There are different ways to hold on. Standing while riding on the the Metro sometimes requires a firm, if not tight, hold onto the bar. For me, riding a roller coaster leads to a death grip on the bars. Firmly holding the hand of a young child while crossing the street is prudent.

There is a difference between holding on tightly and having a firm hold. The first implies a fear or responding to a threat. The second suggests more confidence while still offering some security. Holding loosely takes a large step towards trust.

This time of transition in my life is necessitating discernment in how I am holding things in my life. I find temptation to hold on tightly and yet I know I am must let go. Last week, I wrote about how Moses is my biblical mentor for this phase. As he could not enter the Promised Land to which he had had faithfully led his people, he had to let go of his own hopes. Of course, he regaled the people with a retelling of the entire story. I promise that I won’t go Deuteronomic on you! I also said last week that I don’t plan to follow Moses’ path to the “t” as I have no plans to die soon.

A wise friend reminded me a couple of days ago that all the times we have to let go in our lives are part of the practice for our death. This brought to mind two deaths to which I have been most intimately close. As my mother faced the knowledge of her impending death, she chose the route of embrace rather than avoidance. Two of my close friends—one, Elmer, who was facing his own death from cancer just over three months later—called this “doing a Mary Grace.” Elmer chose his own style of doing a “Mary Grace,” leaving even as he knew we were not ready to let him go.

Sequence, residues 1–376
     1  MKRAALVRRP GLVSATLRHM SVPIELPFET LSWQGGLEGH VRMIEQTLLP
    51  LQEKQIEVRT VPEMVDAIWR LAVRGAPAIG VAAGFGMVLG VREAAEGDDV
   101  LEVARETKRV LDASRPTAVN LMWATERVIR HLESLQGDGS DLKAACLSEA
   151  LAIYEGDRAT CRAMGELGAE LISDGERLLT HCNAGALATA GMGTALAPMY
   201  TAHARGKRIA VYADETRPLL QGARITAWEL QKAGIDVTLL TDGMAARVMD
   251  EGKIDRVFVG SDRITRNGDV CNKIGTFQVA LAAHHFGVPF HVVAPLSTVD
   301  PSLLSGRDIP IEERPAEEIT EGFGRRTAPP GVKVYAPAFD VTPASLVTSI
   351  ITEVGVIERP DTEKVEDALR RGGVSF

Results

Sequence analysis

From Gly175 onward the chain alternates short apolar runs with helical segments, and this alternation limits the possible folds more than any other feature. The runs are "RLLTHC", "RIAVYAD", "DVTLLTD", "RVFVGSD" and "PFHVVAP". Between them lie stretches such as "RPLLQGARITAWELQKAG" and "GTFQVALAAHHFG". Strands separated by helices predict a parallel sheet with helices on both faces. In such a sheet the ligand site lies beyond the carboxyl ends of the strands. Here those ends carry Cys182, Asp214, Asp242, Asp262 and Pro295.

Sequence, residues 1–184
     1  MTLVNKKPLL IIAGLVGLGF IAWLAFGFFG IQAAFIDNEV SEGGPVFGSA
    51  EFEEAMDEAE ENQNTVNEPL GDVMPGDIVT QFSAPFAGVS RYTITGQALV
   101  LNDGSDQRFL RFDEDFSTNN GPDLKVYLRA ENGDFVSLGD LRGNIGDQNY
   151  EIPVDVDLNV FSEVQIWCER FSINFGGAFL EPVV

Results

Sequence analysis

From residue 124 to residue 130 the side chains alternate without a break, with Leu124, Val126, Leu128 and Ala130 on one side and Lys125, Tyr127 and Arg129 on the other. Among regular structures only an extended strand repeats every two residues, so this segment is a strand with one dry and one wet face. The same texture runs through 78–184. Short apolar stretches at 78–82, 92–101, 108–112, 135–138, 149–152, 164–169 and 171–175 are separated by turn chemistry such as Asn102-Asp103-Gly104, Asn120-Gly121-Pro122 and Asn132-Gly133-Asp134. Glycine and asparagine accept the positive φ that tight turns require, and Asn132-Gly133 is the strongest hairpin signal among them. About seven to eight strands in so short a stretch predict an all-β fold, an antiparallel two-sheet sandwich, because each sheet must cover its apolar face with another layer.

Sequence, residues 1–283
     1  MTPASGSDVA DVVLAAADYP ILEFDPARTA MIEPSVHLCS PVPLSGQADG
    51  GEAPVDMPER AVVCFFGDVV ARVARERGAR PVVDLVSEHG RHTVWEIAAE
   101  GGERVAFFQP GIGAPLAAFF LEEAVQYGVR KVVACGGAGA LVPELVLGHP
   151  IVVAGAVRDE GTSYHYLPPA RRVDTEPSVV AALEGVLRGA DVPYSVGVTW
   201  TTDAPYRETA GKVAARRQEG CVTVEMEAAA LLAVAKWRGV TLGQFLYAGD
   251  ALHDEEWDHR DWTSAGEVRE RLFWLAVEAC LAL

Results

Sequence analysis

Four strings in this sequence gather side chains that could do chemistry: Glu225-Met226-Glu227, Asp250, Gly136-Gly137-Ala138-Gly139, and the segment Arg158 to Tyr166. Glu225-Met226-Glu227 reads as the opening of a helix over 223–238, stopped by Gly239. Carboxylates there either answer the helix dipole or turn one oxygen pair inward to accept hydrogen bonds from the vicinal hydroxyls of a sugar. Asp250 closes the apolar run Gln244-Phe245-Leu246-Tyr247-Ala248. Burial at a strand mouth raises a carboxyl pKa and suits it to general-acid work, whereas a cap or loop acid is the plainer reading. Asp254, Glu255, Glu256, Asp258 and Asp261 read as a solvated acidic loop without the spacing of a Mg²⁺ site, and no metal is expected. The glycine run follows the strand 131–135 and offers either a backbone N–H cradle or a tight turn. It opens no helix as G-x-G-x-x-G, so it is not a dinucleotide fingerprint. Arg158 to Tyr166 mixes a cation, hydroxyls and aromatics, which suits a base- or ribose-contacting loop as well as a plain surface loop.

The other death intimate in my life was Jeff’s. Even though all the signs indicated that his death was soon to come, he was actually fighting it all the way, to the point that he was combative with the hospice staff even as he was unconscious. They discovered how much muscular strength he still had. His fearsome grasping eased when Sister B., Linda, and the others prayed the Rosary surrounding his bed with healing presence.

I pray that in all steps of my journey I am able to hold loosely, trusting I that I am in God’s presence at all times, as are those I love.

Psalm 13
Lord, my heart isn’t proud;
my eyes aren’t conceited.
I don’t get involved with things too great or wonderful for me.
No. But I have calmed and quieted myself[a]
like a weaned child on its mother;
I’m like the weaned child that is with me.
Israel, wait for the Lord —
from now until forever from now!